Output :

```The original tuple 1 : (10, 4, 5, 6)
The original tuple 2 : (5, 6, 7, 5)
The exponentiated tuple : (100000, 4096, 78125, 7776)```

Time complexity: O(n), where n is the length of the input tuples.
Auxiliary space: O(n), where n is the length of the input tuples.

Method #2: Using map() + pow The combination of above functionalities can also perform this task. In this, we perform the task of extending the logic of exponentiation using mul and mapping is done by map().

## Python3

 `# Python3 code to demonstrate working of ` `# Tuple exponentiation` `# using map() + pow ` `from` `operator ``import` `pow`   `# initialize tuples ` `test_tup1 ``=` `(``10``, ``4``, ``5``, ``6``) ` `test_tup2 ``=` `(``5``, ``6``, ``7``, ``5``) `   `# printing original tuples ` `print``("The original ``tuple` `1` `: " ``+` `str``(test_tup1)) ` `print``("The original ``tuple` `2` `: " ``+` `str``(test_tup2)) `   `# Tuple exponentiation` `# using map() + pow  ` `res ``=` `tuple``(``map``(``pow``, test_tup1, test_tup2)) `   `# printing result ` `print``("The exponentiated ``tuple` `: " ``+` `str``(res)) `

Output :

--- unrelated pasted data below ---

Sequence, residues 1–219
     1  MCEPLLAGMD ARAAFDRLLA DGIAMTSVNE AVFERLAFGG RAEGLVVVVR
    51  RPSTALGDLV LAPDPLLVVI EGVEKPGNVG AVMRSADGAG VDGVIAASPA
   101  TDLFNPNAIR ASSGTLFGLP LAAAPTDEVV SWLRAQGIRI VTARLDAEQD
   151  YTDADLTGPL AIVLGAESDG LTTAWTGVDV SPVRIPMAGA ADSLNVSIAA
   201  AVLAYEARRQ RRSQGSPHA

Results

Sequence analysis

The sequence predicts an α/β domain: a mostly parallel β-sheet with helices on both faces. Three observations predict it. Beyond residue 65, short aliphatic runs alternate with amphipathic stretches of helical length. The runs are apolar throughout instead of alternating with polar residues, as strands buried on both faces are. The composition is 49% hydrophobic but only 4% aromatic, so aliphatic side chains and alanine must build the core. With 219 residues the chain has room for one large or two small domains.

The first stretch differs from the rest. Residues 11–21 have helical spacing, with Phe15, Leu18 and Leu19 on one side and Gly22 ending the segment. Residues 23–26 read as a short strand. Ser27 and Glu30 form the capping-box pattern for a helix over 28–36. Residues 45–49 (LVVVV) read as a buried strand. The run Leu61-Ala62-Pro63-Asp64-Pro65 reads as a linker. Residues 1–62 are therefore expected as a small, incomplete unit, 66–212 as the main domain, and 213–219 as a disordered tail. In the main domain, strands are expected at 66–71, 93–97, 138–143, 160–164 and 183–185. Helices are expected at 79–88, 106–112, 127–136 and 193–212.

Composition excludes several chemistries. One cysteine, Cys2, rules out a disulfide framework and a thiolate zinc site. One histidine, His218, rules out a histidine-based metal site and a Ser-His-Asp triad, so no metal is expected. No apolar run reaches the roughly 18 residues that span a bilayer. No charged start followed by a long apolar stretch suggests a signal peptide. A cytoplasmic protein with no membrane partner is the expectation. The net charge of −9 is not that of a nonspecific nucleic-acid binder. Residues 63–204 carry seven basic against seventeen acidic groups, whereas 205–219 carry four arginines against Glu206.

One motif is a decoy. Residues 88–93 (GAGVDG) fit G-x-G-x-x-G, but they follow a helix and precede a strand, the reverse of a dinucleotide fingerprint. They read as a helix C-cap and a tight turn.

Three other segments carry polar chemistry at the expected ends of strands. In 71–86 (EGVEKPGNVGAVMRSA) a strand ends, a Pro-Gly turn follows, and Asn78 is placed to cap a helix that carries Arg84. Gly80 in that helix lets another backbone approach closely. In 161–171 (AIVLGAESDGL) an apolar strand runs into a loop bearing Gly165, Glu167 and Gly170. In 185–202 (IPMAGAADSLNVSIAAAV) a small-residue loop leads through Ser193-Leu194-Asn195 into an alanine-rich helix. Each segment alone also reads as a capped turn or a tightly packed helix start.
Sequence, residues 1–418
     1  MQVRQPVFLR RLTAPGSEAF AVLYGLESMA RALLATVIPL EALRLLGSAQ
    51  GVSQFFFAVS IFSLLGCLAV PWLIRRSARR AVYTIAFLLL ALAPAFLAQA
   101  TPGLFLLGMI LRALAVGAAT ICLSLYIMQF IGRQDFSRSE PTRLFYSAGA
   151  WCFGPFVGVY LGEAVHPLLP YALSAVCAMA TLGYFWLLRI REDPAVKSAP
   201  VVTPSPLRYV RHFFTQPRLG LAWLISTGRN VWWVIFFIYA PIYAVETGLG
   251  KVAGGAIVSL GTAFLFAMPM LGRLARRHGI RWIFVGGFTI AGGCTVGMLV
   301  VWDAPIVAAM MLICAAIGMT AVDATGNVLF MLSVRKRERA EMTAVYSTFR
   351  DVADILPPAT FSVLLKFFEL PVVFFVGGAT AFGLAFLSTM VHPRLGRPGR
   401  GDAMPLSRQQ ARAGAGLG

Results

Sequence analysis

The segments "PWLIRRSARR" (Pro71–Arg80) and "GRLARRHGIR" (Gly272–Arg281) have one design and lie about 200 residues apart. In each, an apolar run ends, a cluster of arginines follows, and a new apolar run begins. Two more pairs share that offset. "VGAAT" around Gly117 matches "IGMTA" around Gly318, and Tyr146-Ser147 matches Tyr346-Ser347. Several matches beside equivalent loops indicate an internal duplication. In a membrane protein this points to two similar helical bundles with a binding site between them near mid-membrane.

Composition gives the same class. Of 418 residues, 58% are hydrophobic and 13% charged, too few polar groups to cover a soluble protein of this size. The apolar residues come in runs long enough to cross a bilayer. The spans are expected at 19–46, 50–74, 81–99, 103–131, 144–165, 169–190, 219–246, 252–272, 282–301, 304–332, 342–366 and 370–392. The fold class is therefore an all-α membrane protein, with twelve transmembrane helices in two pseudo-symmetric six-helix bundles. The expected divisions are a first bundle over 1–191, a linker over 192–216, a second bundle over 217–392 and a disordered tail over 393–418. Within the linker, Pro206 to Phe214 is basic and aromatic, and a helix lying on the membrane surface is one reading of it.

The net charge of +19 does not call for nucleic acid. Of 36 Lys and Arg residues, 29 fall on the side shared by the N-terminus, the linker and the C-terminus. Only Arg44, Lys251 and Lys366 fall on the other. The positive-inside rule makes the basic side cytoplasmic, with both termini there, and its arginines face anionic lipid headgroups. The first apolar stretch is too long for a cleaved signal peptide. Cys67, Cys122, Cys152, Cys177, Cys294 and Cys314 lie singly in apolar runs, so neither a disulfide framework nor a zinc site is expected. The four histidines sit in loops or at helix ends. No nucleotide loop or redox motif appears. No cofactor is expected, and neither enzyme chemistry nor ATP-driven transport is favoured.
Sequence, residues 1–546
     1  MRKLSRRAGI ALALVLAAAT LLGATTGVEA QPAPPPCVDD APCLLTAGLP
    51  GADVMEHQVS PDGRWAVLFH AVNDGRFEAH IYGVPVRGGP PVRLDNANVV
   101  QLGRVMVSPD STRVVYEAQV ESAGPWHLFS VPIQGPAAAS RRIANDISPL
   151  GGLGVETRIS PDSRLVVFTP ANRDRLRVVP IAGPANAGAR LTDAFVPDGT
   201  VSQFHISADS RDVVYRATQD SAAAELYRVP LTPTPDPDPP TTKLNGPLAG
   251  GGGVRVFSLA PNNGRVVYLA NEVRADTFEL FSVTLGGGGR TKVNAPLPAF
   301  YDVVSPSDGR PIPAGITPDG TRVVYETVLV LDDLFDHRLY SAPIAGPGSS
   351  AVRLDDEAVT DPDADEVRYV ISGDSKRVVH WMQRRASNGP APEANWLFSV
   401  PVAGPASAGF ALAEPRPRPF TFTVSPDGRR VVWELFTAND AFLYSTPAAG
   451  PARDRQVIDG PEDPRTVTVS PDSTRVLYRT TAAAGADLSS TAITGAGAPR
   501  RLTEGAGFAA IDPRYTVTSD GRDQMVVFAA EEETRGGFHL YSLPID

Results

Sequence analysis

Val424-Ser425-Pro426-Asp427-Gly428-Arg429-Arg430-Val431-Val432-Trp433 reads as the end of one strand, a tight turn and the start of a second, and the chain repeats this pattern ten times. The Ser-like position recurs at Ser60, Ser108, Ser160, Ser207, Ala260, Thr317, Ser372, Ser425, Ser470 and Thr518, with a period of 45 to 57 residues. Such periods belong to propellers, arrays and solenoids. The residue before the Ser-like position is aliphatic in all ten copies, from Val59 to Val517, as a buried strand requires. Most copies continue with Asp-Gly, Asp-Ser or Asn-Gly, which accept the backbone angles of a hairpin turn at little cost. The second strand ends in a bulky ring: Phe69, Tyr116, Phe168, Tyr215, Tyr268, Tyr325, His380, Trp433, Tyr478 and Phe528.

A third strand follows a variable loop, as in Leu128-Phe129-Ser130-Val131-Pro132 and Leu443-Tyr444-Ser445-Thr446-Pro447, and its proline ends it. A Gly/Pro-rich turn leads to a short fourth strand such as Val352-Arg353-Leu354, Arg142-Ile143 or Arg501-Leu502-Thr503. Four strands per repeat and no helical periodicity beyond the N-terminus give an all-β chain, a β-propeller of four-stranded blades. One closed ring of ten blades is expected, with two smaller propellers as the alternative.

```The original tuple 1 : (10, 4, 5, 6)
The original tuple 2 : (5, 6, 7, 5)
The exponentiated tuple : (100000, 4096, 78125, 7776)```

Time Complexity: O(n)
Auxiliary Space: O(1)

Method #3 : Using numpy

Note: install numpy module using command “pip install numpy”

The numpy library in python can be used to perform exponentiation on tuples.

## Python3

 `import` `numpy as np`   `test_tup1 ``=` `(``10``, ``4``, ``5``, ``6``)` `test_tup2 ``=` `(``5``, ``6``, ``7``, ``5``)`   `# Tuple exponentiation using numpy` `res ``=` `tuple``(np.power(test_tup1, test_tup2))`   `# Print the result` `print``(``"The exponentiated tuple : "` `+` `str``(res))` `#This code is contributed by Edula Vinay Kumar Reddy`

Output:

`The exponentiated tuple : (100000, 4096, 78125, 7776)`